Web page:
With the topsy-turvy world of the Covid pandemic crowding all of us this fall, we have to be mindful of how teachers new to the classroom are experiencing their unique first year. Assistant Principal DeAnna Miller shares some ways she is working to provide extra support.
Millions of teachers are facing multiple professional and health challenges. Cheryl Mizerny reflects on the existential threat of Covid-19, the pedagogic and personal demands of sustaining hybrid classrooms, and how administrators, parents, and society can reduce the stress.
With all of her math students learning online at least some of the time, Michelle Russell has struggled to “get it right.” Her six lessons learned so far include: Don’t assume they know technology basics. Mix firmness with compassion. Grow their self-sufficiency. Yours?
How can we stretch younger students’ excitement for inquiry into the middle school years? After tutoring a 9-year old this summer, MS teacher Mary Beth Nicklaus hopes the power of pursuing their simple questions will energize the quiet kids among her 6th graders this fall.
In a school year when frustration, fatigue and uncertainty make teaching and learning an unprecedented challenge, principal Rita Platt is leading her staff to focus on two top priorities: (1) limit instruction to essential standards, and (2) build personal connections with EVERY student.
Distance learning is uncharted territory for most teachers, but Covid-19 has forced it upon us, says Tan Huynh. The advice in Fisher, Frey & Hattie’s Distance Learning Playbook can help create a virtual environment that looks and feels more like the physical one we’re used to.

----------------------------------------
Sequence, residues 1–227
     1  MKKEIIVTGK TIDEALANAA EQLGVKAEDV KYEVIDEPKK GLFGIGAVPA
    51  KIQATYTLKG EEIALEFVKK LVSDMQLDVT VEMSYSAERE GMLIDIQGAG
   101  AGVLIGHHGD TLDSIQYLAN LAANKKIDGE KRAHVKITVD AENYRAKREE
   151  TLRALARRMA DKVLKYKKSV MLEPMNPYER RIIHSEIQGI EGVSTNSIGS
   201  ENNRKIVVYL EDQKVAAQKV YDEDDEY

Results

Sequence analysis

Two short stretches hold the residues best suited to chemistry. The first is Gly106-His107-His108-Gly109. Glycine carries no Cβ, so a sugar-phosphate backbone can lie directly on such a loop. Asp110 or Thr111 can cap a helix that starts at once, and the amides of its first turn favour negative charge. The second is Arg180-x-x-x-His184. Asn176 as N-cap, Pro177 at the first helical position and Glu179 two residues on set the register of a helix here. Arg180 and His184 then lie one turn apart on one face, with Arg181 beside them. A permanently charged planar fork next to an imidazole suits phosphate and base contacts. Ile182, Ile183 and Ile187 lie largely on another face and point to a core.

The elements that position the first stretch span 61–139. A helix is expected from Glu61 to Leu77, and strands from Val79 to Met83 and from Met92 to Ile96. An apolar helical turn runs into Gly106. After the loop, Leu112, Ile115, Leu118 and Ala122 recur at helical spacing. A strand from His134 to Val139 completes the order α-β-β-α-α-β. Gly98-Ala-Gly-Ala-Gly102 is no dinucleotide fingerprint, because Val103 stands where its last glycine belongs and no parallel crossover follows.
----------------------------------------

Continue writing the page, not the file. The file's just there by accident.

As Lauren Brown heads back to school for a year like no other, she considers how to combine academics and SEL support across the content areas. Along with activities for the first days of virtual or physical class, she offers three guidelines to engage kids all year.
Using the case of Grade 7 teacher ‘Mr. Thomas,’ teacher educator Curtis Chandler walks us through a 3-point strategy that can help teachers detect what kids know, what they missed last spring, and what’s most urgent to learn now. Written with new and veteran teachers in mind!
School closures have made learning more challenging. For students without access to technology, this challenge might seem insurmountable. Tan Huynh looks at some ways teachers are reaching language learners who don’t have regular access to tech tools or the internet.
When middle grades kids look back to this time, Megan Kelly wants them to remember finding refuge in books. In this post she highlights graphic novels, short stories, mysteries and more she plans to share with her students to help them feel good and reduce their stress.